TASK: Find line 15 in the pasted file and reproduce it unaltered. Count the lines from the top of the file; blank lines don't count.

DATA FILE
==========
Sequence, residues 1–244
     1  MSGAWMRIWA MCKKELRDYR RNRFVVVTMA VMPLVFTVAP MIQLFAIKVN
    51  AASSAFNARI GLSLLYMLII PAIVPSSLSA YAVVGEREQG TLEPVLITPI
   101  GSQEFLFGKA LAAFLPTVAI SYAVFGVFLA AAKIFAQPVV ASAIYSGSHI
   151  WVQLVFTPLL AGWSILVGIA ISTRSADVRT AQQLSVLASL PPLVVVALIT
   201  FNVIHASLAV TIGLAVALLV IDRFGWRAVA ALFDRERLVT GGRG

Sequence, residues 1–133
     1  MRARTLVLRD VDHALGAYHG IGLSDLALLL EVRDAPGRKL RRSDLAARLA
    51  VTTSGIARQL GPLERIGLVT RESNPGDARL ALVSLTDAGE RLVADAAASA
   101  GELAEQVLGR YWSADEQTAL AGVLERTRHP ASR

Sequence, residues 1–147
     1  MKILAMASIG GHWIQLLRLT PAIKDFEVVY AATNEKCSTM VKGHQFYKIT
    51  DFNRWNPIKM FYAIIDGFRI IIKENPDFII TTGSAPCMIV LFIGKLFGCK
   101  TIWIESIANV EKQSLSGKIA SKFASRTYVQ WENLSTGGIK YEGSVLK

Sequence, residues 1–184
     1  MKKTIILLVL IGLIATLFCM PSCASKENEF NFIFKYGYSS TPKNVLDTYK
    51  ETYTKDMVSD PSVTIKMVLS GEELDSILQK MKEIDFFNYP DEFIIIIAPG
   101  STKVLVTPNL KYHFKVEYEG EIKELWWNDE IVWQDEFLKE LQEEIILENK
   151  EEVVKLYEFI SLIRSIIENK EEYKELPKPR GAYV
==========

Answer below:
Sequence, residues 1–184